Quote of the day: I would rather sit on a pumpkin and have it all to myself, than to be crowded on a velvet cushion.—Henry David Thoreau

RECIPE: Asparagus & Swiss Cheese Omelette

In the three months between the time that we bought the property that would become A Butler’s Manor and our official opening in late April, 2002, I was eager to develop a variety of breakfast entrees to introduce to our guests. To that end, I would scour through cookbooks and online sources, try recipes, tweak them if necessary, until eventually I developed my own repertoire of breakfast recipes.

Problem was, Chris comes from the school that states Thou Shalt Not Serve Thy Guest Something You Haven’t Perfected First…he was very nervous about my trying things for the first time on guests. Ergo, I practiced on us. For three months, every dinner I made was actually a breakfast until he started saying, “Oh no, not French Toast for dinner AGAIN!”

Now, I love breakfast, and could eat it any time of the day or night. (Thank goodness for diners and coffee shops.) Anyway, the upshot of this episode was that a) We opened for business with a good stable of recipes to start off, b) Chris has learned to trust my cooking (our guests have always been appreciative), and c) if I even mention that I’ve got a good breakfast recipe I want to try out at dinnertime, I instantly have an offer for a dinner date out. 🙂

Chris had to have one of those periodic preventative medical procedures this AM that meant he couldn’t have any dinner last night, so — whoo hoo! — last night, I made myself breakfast for dinner. We’ve been cutting fresh asparagus and chives from the garden, and so those became the featured ingredients in my omelette. I didn’t think to take a picture of it, but here’s what I made:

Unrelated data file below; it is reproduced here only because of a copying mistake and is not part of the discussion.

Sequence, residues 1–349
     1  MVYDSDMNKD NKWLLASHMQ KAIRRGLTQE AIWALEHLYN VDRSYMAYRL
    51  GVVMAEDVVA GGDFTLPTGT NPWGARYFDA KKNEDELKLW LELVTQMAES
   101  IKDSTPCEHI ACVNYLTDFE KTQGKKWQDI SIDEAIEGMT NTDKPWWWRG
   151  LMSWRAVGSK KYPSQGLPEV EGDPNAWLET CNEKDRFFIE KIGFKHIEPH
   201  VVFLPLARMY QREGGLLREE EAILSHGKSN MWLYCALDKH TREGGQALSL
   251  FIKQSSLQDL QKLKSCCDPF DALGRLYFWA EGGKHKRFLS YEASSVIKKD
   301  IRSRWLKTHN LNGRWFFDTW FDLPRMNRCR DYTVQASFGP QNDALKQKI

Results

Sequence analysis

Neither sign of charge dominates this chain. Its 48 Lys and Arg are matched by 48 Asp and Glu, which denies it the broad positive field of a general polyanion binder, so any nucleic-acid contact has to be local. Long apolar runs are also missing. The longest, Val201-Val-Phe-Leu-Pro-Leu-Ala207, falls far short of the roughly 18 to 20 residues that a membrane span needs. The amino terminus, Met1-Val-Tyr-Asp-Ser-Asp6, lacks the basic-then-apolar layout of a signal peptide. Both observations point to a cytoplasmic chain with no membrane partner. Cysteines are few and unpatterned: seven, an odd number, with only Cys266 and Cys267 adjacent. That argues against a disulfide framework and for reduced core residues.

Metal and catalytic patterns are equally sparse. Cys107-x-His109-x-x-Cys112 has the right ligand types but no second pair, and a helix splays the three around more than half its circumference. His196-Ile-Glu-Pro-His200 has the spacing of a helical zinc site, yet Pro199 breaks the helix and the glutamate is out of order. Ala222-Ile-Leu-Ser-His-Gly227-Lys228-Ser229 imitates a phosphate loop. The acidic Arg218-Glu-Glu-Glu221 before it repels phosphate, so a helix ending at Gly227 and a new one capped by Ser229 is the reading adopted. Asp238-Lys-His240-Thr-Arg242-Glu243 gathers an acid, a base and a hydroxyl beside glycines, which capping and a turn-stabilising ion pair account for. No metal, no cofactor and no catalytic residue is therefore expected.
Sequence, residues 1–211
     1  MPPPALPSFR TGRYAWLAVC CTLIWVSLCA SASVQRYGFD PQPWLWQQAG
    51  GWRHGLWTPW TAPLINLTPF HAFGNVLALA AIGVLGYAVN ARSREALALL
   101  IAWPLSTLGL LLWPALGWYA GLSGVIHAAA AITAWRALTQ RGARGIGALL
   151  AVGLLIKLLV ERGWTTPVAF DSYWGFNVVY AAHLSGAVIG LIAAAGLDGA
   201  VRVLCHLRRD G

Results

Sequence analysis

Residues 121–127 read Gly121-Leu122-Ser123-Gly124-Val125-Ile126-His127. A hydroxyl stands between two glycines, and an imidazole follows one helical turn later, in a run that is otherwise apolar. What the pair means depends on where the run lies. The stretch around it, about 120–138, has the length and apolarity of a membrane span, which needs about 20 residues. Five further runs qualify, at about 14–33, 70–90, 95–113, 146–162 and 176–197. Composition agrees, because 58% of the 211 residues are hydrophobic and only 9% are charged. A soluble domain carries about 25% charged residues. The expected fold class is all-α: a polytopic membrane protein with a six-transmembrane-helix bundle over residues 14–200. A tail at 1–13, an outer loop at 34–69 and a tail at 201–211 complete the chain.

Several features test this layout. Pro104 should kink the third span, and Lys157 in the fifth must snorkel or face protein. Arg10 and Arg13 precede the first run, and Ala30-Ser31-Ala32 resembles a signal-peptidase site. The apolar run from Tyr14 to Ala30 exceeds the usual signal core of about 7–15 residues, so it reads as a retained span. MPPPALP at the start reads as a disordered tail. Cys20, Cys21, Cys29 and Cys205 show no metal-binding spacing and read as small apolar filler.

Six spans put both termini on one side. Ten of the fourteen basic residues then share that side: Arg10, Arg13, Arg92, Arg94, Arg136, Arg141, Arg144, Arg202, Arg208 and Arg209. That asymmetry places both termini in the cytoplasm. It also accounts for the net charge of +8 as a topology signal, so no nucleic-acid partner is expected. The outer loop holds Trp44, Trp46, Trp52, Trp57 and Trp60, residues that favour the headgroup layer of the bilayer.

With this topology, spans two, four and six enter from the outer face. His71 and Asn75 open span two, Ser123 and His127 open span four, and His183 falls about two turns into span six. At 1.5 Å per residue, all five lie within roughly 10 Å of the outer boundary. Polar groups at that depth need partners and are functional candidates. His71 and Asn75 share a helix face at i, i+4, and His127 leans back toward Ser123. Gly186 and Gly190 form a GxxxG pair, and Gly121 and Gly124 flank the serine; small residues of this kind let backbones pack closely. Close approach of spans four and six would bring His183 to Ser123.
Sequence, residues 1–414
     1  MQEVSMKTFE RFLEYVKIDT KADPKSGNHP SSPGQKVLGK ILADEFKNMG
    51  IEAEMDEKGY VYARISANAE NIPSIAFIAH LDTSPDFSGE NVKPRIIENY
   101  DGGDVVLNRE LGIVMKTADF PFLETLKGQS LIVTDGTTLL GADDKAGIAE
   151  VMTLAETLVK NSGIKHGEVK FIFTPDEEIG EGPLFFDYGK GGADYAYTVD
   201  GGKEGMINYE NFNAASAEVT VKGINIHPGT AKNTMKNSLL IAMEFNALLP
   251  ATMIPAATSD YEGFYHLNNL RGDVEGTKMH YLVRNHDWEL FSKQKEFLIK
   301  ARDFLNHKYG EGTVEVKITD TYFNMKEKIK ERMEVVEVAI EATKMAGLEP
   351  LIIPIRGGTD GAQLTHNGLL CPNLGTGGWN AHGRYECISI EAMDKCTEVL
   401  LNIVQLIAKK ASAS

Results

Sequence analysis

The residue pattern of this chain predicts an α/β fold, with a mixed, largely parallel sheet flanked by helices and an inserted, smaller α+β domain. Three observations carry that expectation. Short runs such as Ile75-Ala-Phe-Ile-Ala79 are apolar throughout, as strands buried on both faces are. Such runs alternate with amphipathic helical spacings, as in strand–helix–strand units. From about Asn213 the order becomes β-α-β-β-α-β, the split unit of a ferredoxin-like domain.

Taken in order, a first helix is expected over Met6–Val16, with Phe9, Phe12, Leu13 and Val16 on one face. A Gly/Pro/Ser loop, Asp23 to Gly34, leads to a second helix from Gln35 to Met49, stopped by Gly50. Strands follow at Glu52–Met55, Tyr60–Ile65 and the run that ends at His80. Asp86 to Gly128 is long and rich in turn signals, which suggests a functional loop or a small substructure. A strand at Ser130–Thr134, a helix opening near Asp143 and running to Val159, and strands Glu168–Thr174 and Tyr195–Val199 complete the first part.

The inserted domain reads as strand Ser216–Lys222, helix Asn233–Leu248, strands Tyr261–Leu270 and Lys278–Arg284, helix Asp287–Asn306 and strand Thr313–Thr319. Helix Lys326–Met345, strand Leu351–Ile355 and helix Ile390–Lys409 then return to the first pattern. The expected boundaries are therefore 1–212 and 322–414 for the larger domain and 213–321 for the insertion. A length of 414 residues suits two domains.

2 eggs*

1/8 tsp each salt and freshly ground pepper

1 tsp canola oil

2 Tbsp. shredded Swiss cheese*

2 stalks asparagus, cut diagonally into 1″ pieces and blanched in the microwave (about 40 seconds on high)

a small handful of frozen peas, thawed

1/4 cup chopped red bell pepper

2 Tbsp chopped fresh chives or scallions

Beat the eggs with the salt and pepper until frothy. Heat the oil in a small nonstick skillet over medium heat. Add peppers and cook just until softened, perhaps two minutes. Remove from skillet and set aside. Add eggs, swirling to coat pan, and cook, lifting sides to allow uncooked egg to run underneath until underside is set, about 1 minute.

Sprinkle the asparagus peppers, peas, and half of the cheese over one half of the omelette; fold the unfilled half over to enclose filling. Sprinkle with remainder of cheese. Cook until cheese is melted, about 2 minutes. Slide onto a plate, sprinkle with chives, and enjoy!

* BONUS: I’ve adapted this from the new Weight Watcher’s Momentum Cookbook — replace eggs with 1/2 cup Egg Beaters, and use a low-fat version of the cheese, and this very filling meal is only 3 points!

Chris may not agree with his fellow countryman here in Southampton, but Somerset Maugham and I are definitely on the same page:
Quote of the Day: If you want to eat well in England, eat three breakfasts. — W. Somerset Maugham

Kim Allen